Tom Worster wrote:

Because, I thought, HTML files were basically just text files with
different file extensions, and that those other characters would not
store or display properly if saved in .txt format. Was I mistaken?

yes. see

which says that html uses the UCS, a character-by-character equivalent to
the Unicode character set. so if you use a unicode character encoding (such
as utf-8) then you you have a direct encoding for every unicode character in

I wonder if you've looked at any of those non-encoded characters in vi
while shelled in.

so a utf-8 html file or stream should normally to have no entities other
than <, >, $amp; and perhaps " as needed.

Well there it is, that "should" word. I've already named one example
where "should" doesn't work as expected in all cases, here's another
one: Client blog that uses Wordpress and the UTF-8 charset. Text that
is copied & pasted with non-English letters & fancy punctuation marks
displays alright in the body-text of posts, but not in post subject
lines. I think that's because Wordpress is doing some conversions in
the background, but isn't doing them everywhere. So when one of those
is present in the subject line, there's a little glyph that shows up
when viewed in a Web browser. Unless that character is properly encoded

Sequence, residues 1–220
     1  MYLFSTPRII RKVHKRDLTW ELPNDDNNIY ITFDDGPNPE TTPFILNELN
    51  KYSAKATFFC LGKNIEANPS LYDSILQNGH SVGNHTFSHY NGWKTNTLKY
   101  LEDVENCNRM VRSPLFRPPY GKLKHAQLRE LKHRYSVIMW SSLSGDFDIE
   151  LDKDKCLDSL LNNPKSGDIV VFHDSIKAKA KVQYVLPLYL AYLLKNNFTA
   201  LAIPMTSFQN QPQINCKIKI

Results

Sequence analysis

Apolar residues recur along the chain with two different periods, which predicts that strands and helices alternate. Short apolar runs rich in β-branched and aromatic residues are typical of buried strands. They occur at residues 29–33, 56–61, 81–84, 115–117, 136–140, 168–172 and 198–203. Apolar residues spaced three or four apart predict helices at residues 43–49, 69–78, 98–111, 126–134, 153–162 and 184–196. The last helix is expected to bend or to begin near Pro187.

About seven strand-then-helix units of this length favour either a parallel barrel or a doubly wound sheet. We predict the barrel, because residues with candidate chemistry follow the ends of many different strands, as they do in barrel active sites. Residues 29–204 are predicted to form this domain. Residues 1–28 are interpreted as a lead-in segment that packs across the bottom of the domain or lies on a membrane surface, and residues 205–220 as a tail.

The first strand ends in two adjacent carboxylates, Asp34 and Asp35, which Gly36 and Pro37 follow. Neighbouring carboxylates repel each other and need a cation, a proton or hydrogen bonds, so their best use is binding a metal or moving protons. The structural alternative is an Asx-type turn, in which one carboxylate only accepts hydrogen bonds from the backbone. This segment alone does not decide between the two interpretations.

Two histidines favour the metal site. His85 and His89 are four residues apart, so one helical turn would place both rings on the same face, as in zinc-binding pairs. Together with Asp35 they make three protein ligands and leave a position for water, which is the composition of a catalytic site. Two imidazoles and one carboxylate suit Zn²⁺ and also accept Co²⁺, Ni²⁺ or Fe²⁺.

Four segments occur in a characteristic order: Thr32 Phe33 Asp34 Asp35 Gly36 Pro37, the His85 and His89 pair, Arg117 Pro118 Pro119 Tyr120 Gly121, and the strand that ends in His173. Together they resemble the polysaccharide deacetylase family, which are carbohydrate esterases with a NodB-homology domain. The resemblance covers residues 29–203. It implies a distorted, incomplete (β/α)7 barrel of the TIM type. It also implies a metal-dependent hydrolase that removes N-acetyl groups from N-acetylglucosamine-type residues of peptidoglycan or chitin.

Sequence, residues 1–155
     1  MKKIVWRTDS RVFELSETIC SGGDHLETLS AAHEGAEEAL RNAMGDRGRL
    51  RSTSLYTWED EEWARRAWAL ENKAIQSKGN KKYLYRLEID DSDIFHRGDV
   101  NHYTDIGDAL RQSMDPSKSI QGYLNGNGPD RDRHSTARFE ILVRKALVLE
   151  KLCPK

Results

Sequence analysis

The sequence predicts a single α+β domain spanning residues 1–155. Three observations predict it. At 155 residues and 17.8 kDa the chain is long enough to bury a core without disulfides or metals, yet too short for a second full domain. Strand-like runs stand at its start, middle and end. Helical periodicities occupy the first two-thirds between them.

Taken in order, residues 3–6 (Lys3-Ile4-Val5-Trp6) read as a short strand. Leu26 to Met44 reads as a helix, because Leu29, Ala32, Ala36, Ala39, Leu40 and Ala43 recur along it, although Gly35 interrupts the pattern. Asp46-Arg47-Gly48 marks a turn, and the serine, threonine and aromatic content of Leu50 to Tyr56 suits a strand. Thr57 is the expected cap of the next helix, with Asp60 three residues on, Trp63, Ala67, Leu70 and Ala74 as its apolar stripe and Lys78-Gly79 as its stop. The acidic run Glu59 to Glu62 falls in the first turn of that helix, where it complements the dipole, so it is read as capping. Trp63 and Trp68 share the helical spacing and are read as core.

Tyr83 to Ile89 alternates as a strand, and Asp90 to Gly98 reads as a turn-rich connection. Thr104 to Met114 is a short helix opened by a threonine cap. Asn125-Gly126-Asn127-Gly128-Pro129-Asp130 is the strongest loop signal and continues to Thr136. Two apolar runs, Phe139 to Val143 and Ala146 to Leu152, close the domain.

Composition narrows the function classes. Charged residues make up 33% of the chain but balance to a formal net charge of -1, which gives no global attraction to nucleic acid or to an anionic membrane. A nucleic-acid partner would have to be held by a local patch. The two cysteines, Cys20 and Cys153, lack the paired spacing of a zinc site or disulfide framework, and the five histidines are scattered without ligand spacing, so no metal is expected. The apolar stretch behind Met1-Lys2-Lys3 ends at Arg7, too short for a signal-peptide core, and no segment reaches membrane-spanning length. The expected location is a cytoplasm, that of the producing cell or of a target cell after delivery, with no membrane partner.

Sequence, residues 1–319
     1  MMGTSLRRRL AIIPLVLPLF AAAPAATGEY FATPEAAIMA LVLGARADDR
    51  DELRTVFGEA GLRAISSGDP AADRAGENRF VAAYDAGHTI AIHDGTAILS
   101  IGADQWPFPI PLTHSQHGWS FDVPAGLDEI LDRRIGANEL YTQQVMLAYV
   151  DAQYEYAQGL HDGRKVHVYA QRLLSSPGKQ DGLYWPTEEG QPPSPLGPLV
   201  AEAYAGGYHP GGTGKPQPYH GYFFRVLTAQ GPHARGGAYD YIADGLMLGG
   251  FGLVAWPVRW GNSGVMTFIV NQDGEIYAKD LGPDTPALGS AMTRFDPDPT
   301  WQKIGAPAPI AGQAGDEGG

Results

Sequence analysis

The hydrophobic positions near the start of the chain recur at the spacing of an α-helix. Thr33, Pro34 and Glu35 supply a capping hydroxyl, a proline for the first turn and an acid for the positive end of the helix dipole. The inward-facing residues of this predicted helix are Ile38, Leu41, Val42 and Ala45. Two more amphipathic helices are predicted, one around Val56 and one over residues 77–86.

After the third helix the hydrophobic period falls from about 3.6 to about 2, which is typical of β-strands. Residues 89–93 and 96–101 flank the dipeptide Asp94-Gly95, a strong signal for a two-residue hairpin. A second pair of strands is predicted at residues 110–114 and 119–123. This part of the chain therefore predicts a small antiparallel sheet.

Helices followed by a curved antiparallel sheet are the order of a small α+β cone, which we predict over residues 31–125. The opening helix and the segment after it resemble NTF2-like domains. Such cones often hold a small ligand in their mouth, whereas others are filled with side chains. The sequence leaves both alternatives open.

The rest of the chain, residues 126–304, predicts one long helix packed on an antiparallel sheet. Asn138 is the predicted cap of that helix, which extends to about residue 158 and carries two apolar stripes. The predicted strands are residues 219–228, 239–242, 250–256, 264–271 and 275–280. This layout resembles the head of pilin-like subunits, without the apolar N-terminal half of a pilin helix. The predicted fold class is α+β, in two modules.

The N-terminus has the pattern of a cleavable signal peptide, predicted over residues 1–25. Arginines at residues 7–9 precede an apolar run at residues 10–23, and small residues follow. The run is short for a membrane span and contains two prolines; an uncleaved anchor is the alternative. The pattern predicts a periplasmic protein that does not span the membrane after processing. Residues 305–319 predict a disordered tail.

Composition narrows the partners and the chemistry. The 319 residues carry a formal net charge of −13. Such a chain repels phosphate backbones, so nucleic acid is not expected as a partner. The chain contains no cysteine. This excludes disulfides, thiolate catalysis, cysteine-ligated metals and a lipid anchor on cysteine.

by me. Have you looked at the Wordpress wp-includes/formatting.php file?
Lots of busy work in the form of substituting one thing for another
thing, there.

That is supposed to be a UTF-8 encoded text file, between 1/3 and 1/2
of the characters do not display correctly on my screen.

why this doesn't work for you is not clear. it could be that your browser
has a preference configured to override the charset specified in the http
headers. or perhaps the browser does not observe the specified content type
for txt files.

I don't think it has anything to do with configuration preferences like
that. I'm running Win2K as indicted earlier, the client is running a Mac
and he sees the same thing I do - in Safari and MacFF both. What OS are
you running? I'd expect XP or Vista to behave slightly differently from
Win2k, and who knows what different Linux distros will do w/out testing.

Either way,
this next link suggests that Turkish characters with no equivalent in
the English language should be encoded for Web display:

don't believe everything you read on the web. while some browsers may
tolerate it, i don't think pages encoded according to those suggestions
would even be valid html.

I'll let you investigate that at - I satisfied
my curiosity about that long before you said anything.

And because that is off-topic, I'll throw this in:

The consensus seems to be that the proposed "ifset()" and "ifempty()"
functions are more effort than they are worth. What I'd like to know
is, why "empty()" still exists when every time I turn around, the
mentors I turn to locally tell me not to use it, to use "isset()"
instead. Because empty() doesn't work with zero. Anyone care to take
a stab at that?

perhaps because it's hard to get rid of language elements without breaking
existing code?

Perhaps. I think Chris said it best, they serve difference purposes.
It's been my observation though, they can generally be interchanged
with minor changes to syntax. Unless working with zero.


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